In 2019 Mahalski began a series of animal murals on Dunedin streets, referencing the specimens on display in Otago Museum's "Animal Attic". Animals depicted include badgers, sharks, an argonaut, a secretary bird, and a porcupine fish.[18]

Museum of Natural Mystery[edit]

See Dunedin Museum of Natural Mystery

After moving back to Dunedin in 2017, Mahalski converted the front of his Royal Terrace house into a private museum of "biological curiosities, ethnological art and unusual cultural artefacts".[19] He believes the roles of artist and collector cannot be separated and sees his entire collection as a work of art.[3]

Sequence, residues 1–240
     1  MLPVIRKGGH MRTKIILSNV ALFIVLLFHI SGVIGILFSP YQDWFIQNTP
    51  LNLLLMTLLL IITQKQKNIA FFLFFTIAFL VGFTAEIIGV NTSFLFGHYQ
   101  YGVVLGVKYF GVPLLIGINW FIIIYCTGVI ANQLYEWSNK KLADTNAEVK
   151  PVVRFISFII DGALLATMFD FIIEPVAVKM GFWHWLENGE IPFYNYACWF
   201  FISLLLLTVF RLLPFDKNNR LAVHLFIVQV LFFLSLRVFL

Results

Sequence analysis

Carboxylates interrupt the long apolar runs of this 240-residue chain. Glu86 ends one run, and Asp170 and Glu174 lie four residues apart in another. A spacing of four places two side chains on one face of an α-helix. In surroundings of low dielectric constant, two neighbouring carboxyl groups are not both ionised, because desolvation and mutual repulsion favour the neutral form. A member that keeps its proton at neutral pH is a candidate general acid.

• Hilton, Craig and Bruce Mahalski. (2018). Seeds of Life: The Bone Art of Bruce Mahalski. Rim Books. ISBN 9780994130679
  • Mahalski, Bruce. (2005). New Zealand's golden days. Gilt Edge Publishing: Wellington. ISBN 1877404128
  • Mahalski, Bruce. (2005). Pounamu. Gilt Edge Publishing: Wellington. ISBN 9781877404139


  1. ^ a b c d e Hilton, Craig; Madden-Smith, Zoe (20 June 2018). "This Art Made From Skulls Will Make You Rethink Your Existence". Vice. Retrieved 10 August 2019.
  2. ^ a b c d e f g h Smithies, Grant (6 July 2015). "Bruce Mahalski finds art in bones". Stuff. Retrieved 10 August 2019.
  3. ^ a b c d e O'Mannin, Charlie (12 July 2018). "Telephones to Another World: Dunedin's Bone Artist and Collector of the Strange and Mysterious". Critic. 15.